The Neurological Basis of Attention Deficit Hyperactivity Disorder

By Ballard, Shirley; Bolan, Morna et al. | Adolescence, Winter 1997 | Go to article overview

The Neurological Basis of Attention Deficit Hyperactivity Disorder


Ballard, Shirley, Bolan, Morna, Burton, Michael, Snyder, Sherry, Pasterczyk-Seabolt, Claire, Martin, Don, Adolescence


In the last decade, attention deficit hyperactivity disorder (ADHD) has received significant attention from the education and counseling communities, with some considering it a life disability (Silver, 1992). The problems encountered by an individual diagnosed with ADHD occur not only during the school years, but throughout the entire life span.

ADHD is found in 3-6% of the child population in the United States, or nearly 2 million children (Dulcan & Popper, 1991). Recent estimates indicate that close to 40% of children referred to mental health clinics show symptoms of ADHD. It is more likely to occur in males than females, with ratios as high as 9:1 in clinic populations. Since boys are usually more aggressive and thus more likely to be referred, ADHD in girls may go unrecognized and untreated (Barkley, 1981).

ADHD is a biological disorder (with heredity playing a role) that can be exacerbated by social factors. A person's ability to maintain attention, self-regulate impulsivity, and delay gratification are all symptoms and, correspondingly, are prefrontal brain functions. Symptoms of the disorder often appear in early childhood.

A number of explanations have been postulated as to why attention deficit children evidence undesirable behavioral, social, and learning characteristics. Goodman and Poillion (1991) have indicated that the majority of causes of ADHD are attributable to organic problems. Their research indicated that genetics is the only presumed cause of ADHD, sighted by 48% of the authors they investigated. However, no specific gene responsible for ADHD has yet been isolated. There is some evidence that ADHD-type behaviors tend to recur in families, especially in first- and second-degree relatives of ADHD children (Barkley, 1981). While ADHD behaviors may be precipitated by deleterious social factors, with the exception of head injury occurring at a young age, there is no evidence of a single environmental agent causing ADHD (Pennington, 1991).

Research involving neurological factors has provided insight into the brain that may relate to the attention deficit characteristics of children diagnosed with ADHD. Neuroanatomical studies have sought to explain ADHD in terms of brain areas that are considered important in the regulation of attention, while neurochemical studies have considered the role of neurotransmitter substances (Hynd, Kytja, Voeller, Hern, & Marshall, 1993). Neurophysiological research has investigated the interaction between neurochemical and anatomical components of the brain.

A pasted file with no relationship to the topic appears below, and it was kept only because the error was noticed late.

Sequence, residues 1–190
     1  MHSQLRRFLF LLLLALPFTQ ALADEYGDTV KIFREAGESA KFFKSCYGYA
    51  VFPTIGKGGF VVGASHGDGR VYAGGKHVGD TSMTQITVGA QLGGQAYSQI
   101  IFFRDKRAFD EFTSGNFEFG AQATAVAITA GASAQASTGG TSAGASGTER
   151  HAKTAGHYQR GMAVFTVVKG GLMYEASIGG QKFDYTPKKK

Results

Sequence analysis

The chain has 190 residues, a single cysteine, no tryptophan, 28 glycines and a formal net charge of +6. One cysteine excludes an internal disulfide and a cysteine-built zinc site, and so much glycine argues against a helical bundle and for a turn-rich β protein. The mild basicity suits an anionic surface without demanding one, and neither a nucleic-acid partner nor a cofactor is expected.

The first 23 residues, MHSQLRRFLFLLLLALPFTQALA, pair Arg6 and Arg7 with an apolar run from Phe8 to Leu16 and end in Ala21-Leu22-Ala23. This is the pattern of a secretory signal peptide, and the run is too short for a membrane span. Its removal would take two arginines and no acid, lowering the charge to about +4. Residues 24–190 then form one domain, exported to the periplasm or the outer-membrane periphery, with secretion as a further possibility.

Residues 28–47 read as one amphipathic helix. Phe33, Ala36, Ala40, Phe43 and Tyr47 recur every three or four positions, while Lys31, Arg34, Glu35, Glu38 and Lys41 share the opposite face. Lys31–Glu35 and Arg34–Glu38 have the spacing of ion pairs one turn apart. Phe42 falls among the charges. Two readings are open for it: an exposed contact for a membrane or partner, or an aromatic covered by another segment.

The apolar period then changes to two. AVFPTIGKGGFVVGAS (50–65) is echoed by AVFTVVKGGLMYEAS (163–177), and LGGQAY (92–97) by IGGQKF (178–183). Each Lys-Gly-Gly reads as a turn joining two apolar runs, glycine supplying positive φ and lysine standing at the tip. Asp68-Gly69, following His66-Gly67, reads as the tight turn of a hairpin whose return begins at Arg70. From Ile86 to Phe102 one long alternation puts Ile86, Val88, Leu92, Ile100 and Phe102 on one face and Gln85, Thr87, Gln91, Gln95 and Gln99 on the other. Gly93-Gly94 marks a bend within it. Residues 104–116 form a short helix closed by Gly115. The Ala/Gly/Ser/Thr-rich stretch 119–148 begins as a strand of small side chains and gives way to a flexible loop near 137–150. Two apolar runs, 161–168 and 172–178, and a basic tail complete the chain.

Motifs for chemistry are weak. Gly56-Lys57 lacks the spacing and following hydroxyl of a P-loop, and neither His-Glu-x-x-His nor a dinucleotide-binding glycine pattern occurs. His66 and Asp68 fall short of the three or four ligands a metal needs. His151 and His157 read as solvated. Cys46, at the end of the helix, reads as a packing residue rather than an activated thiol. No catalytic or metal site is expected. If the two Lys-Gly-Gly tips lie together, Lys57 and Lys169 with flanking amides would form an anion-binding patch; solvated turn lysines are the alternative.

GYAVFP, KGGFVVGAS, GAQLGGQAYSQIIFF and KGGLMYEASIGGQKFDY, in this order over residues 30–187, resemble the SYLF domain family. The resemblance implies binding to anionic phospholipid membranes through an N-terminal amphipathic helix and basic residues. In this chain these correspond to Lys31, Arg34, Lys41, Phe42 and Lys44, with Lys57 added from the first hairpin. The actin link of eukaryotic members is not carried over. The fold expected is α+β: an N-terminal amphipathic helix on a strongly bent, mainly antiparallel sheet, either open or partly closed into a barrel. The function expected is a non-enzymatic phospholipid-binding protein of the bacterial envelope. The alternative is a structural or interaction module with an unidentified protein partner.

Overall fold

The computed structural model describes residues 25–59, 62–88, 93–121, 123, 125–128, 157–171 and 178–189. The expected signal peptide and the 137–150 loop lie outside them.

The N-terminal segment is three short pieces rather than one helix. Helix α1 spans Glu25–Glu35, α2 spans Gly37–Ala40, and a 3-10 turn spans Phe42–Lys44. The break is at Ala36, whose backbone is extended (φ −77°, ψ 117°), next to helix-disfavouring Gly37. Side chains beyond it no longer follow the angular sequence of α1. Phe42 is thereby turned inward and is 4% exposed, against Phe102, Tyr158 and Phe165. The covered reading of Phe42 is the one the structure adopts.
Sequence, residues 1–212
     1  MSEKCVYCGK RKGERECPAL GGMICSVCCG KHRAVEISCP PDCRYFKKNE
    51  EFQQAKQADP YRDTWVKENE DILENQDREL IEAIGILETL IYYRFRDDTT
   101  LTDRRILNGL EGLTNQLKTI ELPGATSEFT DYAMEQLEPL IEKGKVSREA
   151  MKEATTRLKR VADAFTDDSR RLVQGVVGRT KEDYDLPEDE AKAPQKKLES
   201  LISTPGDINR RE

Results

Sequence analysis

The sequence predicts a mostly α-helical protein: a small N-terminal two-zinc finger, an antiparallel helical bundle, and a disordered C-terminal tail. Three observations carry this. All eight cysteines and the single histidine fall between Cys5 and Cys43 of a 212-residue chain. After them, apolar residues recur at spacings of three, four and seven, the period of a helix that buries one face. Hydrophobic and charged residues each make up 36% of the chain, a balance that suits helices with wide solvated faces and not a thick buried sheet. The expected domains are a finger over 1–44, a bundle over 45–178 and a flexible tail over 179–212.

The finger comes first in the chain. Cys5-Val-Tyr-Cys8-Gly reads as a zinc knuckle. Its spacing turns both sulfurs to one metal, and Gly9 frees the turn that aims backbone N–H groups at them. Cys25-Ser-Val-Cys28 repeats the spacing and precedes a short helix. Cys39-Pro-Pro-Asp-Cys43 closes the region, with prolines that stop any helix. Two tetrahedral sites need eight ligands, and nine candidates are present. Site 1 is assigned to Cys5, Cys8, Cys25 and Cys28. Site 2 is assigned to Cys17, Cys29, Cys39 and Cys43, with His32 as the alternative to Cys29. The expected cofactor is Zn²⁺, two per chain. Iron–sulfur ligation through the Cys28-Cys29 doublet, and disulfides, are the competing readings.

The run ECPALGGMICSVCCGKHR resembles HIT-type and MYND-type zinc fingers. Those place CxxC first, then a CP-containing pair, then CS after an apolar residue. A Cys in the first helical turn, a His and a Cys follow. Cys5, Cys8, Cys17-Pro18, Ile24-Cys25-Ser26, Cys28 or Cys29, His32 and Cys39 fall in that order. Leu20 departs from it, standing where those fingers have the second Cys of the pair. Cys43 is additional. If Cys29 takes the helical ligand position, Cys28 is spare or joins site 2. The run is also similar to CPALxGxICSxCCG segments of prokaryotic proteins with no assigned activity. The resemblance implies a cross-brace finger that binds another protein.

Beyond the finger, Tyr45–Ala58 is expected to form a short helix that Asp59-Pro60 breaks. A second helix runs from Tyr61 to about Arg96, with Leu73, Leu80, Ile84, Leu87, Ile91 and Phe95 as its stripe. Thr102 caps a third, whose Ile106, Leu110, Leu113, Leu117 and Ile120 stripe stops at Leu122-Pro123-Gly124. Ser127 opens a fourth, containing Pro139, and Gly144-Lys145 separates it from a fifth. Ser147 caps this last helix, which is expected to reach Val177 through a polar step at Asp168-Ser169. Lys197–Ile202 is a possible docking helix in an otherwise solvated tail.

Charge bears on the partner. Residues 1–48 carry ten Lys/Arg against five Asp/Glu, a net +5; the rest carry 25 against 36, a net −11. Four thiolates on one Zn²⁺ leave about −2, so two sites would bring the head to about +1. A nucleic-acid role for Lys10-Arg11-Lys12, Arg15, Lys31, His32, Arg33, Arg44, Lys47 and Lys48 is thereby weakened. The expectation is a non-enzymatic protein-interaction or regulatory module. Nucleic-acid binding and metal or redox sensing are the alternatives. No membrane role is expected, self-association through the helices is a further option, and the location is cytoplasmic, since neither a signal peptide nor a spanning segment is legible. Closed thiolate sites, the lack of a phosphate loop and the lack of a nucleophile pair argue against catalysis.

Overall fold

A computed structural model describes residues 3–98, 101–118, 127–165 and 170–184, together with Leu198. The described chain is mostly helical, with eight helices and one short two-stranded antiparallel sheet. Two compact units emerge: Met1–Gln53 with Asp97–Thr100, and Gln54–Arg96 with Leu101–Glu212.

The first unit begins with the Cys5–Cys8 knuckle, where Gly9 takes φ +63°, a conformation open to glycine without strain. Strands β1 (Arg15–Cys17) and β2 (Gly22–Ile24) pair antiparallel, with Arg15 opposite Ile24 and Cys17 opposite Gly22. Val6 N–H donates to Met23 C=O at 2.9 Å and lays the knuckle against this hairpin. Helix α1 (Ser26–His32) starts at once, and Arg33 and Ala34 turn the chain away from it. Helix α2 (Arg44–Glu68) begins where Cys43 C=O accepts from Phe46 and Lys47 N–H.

The brain consists of modules specialized for processing specific data. These modules are autonomous to a degree in both function and neural representation (Fodor, 1983). The outermost layer of the brain represents the cerebral cortex. The cortical (frontal) section of the brain is related to learning and thinking. The layer underneath, the subcortex, comprises a relay system that is involved in sending messages to the processing and memory parts of the brain. This subcortical system consists of the brain stem's reticular activating system, thalamus, hypothalamus, and basal ganglia. Recent research suggests that ADHD children generally have impaired functioning in the cortical, and subcortical areas (Garber, Garber, Spizman, 1990). In particular, frontal lobe and prefrontal lobe dysfunction have been suggested (Hynd et al., 1991). This is significant because the frontal and motor cortex play a role in attention, impulsivity, and motor activity. It has been proposed that within the prefrontal area, different sections specialize in certain representative functions. For instance, the dorsal convexity maintains spatial representations, while the orbital area maintains representations of rewards or motivators, including social rewards (Pennington, 1991). Positron emission tomography (PET) scan studies have shown reduced brain glucose utilization, particularly as related to the right frontal lobe, in ADHD children (Zametkin & Rapoport, 1987).

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